Ensuring appropriate nutritional level to the livestock is crucial to optimize livestock production in the changing climatic condition. Importance should be given for providing balanced nutrition to ensure optimum reproduction in animals as the energy balance are closely associated with their fertility [86]. The environmental temperatures are highest in arid and semi-arid regions where the available feed resources are both of low quality and quantity which directly affect the reproductive performance of the livestock species. Combating the heat stress effects on the metabolism is therefore very essential, as animals subjected to mild to severe heat stress needs to be supplemented 7–25% extra maintenance requirements [87]. Therefore, to meet their energy requirements, it is essential to enhance the nutrient density by feeding high quality forage, concentrates and fat supplementations. In addition to the supplementation of low fiber, high protein diet was also found to be helpful by reducing the water requirement for metabolism. Feeding of feed additives stabilizes the distorted rumen environment and also improves the energy utilization [88]. Moreover, fat content in the diet has favorable effects on concentrations of cholesterol, progesterone, rate of synthesis and metabolism of PGF2 α, follicle growth and pregnancy rates in dairy herds [89]. Also, dietary supplements of vitamins, trace elements and minerals can ameliorate the adverse effects of heat stress. Vitamin E and selenium injections reduce the rectal temperature and body weight loss in sheep during summer [19]. Supplementation of inorganic chromium in the feed of buffalo calves reared under high ambient temperature improved heat tolerance and the animal immune status without affecting nutrient intake and growth performance. It was also demonstrated that the adverse effect of heat stress on the productive and reproductive efficiency of Malpura ewes were reversed through mineral mixture and antioxidant supplementation [19]. DiGiacomo et al. [90] also reported that the feeding of betaine, a trimethyl form of glycine, ameliorate heat stress in sheep. Feeding buffers during heat stress is highly beneficial to animals, since buffers assist in the prevention of low rumen pH and rumen acidosis [91]. Also, the addition of common macro minerals Na+ and K+ in feed increases dry matter intake and production performance [91]. Inclusion of ascorbic acid in the feed ameliorates, heat stress induced problems like poor immunity, feed intake, weight gain, oxidative stress, body temperature, fertility and semen quality [92]. In addition, supplementation of L-ascorbic acid, both singly and in combination with l-tocopherol acetate, was found to be helpful to heat-stressed layers [92].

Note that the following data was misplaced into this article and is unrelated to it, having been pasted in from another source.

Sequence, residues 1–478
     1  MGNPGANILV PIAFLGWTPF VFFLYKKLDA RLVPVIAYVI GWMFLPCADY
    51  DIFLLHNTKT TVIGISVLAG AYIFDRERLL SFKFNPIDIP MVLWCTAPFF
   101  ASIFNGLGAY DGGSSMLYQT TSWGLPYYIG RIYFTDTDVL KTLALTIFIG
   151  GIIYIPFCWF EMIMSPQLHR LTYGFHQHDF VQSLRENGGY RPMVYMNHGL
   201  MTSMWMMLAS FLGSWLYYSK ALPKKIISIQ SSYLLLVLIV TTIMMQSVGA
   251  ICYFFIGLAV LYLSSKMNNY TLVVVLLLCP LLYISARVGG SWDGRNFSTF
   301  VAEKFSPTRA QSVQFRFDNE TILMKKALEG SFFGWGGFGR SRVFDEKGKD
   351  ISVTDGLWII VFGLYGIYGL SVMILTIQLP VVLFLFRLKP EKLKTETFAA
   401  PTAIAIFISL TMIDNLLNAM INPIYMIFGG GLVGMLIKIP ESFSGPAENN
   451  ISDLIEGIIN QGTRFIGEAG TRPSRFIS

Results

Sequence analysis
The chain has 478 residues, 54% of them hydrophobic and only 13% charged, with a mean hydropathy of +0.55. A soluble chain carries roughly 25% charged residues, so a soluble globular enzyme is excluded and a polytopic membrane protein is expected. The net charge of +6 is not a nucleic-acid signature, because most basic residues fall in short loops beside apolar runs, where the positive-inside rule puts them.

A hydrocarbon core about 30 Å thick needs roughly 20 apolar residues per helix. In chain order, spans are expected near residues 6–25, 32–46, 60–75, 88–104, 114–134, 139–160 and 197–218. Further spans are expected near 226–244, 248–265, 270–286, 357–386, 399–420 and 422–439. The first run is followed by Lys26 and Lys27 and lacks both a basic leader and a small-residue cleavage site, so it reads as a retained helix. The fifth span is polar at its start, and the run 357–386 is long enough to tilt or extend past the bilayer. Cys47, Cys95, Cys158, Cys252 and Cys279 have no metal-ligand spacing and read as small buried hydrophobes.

4.3. Genetic selection of heat-tolerant breeds